Tucson, Arizona Tuesday, 4 June 2002

Toxic waste system is a winner
Photo by: Max Becherer
Staff Project coordinator Danny Samorano checks the air injection/ extraction system honored as
Environmental Public Works Project of the Year.

Harrison Road landfill cleaned at little cost
to the city or to environment


A system to clean up toxic waste at the old Harrison Road landfill is doing a great job, city and state environmental officials say. And because it's doing a great job for a relatively low cost, the American Public Works Association has cited the Harrison Road Landfill Remediation System as the Environmental Public Works Project of the Year in its category.

The category is for projects that cost less than $2 million in contract and consultant costs.

Danny Samorano, project manager with the city Environmental Management Division, said it cost about $1.2 million to set up the system to remove chlorinated hydrocarbons that are seeping from the landfill into the ground water. Including staff time would push the total closer to $2 million, Samorano said.

The system was needed because the old landfill had no lining at the bottom to keep the chlorinated-hydrocarbon-bearing substances from leaching out, he said.

The city closed the landfill, at Harrison and East Irvington roads, in 1997. The remediation system went into effect in 1998, Samorano said.

The primary contaminant in the chlorinated hydrocarbons is PCE, or perchloroethene, which comes from degreasing solvents in refuse dumped into the landfill, he said.

The solvents were buried in the 120-acre landfill before federal regulations made that illegal in the mid-1980s, Samorano said. Some monitoring wells at the landfill detected the PCE in 1995, he said. An investigation was begun and completed in 1997; the deep-soil vapor extraction/injection system was designed and completed in 1998.

That's pretty quick for an environmental remediation project, he said. Sam Rogers, a hydrologist with the Arizona Department of Environmental Quality's Solid Waste Unit, agrees.

"The good news is they've removed a lot of contaminants, and stopped the movement of contaminants from the site," said Rogers, who oversees the Harrison remediation system and about 40 similar projects statewide. "They're doing a pretty good job." The system will have to be in place a minimum of five more years, he added.

Karen Masbruch, director of the Environmental Management Division, said she believes this is the first application of deep soil vapor extraction/injection technology to any landfill.

"We are thrilled with the recognition" from the public works association," Masbruch said. "I believe that in the next few years, this innovative technology will be widely used as an effective remedial action at landfills throughout the Western United States."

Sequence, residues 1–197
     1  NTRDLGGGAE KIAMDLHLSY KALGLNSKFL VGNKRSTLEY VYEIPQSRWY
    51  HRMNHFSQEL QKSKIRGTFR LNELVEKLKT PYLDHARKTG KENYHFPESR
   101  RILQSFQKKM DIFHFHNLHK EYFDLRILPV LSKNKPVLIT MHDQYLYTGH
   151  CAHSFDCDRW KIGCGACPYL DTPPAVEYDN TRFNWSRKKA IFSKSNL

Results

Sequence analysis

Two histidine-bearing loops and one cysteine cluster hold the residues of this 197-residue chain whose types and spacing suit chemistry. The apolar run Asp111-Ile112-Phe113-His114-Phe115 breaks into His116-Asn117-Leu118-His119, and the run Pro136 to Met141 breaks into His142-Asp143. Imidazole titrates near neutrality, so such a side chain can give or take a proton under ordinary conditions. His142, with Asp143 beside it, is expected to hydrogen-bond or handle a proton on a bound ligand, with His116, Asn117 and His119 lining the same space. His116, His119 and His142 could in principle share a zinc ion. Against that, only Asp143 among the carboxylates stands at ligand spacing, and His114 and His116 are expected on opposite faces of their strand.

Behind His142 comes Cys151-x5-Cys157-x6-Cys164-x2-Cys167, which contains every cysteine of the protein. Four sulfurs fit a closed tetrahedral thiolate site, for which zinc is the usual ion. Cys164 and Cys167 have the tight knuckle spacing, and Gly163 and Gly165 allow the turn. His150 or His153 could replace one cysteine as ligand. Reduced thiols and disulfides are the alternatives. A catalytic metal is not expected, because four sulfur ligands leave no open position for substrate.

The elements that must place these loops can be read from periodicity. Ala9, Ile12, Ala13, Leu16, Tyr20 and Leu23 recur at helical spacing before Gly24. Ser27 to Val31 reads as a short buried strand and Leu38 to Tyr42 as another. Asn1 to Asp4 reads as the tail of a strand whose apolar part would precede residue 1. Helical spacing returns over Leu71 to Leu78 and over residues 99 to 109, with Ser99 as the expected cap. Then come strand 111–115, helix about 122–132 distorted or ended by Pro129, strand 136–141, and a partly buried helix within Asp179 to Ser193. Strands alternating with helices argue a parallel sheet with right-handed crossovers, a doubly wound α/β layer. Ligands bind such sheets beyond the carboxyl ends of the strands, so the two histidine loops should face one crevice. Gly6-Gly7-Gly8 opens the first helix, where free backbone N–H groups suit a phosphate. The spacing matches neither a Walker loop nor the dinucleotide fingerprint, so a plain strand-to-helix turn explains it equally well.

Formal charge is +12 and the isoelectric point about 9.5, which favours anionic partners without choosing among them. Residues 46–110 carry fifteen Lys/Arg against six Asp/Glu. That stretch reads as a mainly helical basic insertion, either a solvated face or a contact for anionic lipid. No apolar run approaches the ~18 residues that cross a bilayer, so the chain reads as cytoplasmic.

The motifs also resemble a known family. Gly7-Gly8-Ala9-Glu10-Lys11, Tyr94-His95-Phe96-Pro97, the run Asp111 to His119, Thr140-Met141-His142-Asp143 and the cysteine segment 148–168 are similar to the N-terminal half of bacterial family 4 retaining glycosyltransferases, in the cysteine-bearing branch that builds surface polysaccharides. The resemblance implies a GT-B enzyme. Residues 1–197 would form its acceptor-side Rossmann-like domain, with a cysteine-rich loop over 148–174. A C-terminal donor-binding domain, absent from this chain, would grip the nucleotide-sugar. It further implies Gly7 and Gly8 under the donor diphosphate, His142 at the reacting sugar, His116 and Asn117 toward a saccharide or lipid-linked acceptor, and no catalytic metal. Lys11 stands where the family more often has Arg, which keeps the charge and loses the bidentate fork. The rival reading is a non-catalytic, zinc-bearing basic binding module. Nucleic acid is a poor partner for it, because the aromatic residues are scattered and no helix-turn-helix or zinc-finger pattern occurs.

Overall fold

Samorano said city officials will accept the award at the public works association's annual convention in Kansas City.

· Contact Tim Ellis at 807-8414 or at ltellis@azstarnet.com.

One well injects clean air as 3 extract pollution

How does it work?

The Harrison Road Landfill Remediation System uses three deep-extraction wells around the perimeter of the old Harrison Road landfill, all of them bored down to a point just above the water table. A fourth well, bored into the center of the landfill, injects clean air into the ground, which helps push contaminated vapors toward the edges. The three extraction wells collect the vapors. The contaminated air is then circulated through carbon filters, and the resulting clean air is returned to the atmosphere.

The system also helps reduce ground-water contamination with a well that is down-slope from the old landfill, said Danny Samorano, project manager with the city Environmental Management Division.

Contaminated ground water is captured in that well and treated with carbon, then injected with bacteria that microorganisms feed on. That water is then reintroduced into the aquifer, Samorano said.

The ground-water cleanup system works well with another system to deal with an additional problem caused by the Harrison landfill, Samorano said. That is methane gas, which is produced naturally by decomposing garbage at all landfills. At sufficient concentrations, methane can cause explosions.

The city must monitor methane production at landfills to make sure it doesn't migrate through the ground to adjoining properties, as it did in the early and mid-1990s. The city also must report excessive levels of methane to the state Department of Environmental Quality.

Samorano said the two systems work well together to prevent pollutants from seeping through the soil, horizontally and vertically, down into the water table.

"It's pretty cost-effective technology, and when compared to similar sites, it's a winner," Samorano said.

- Tim Ellis

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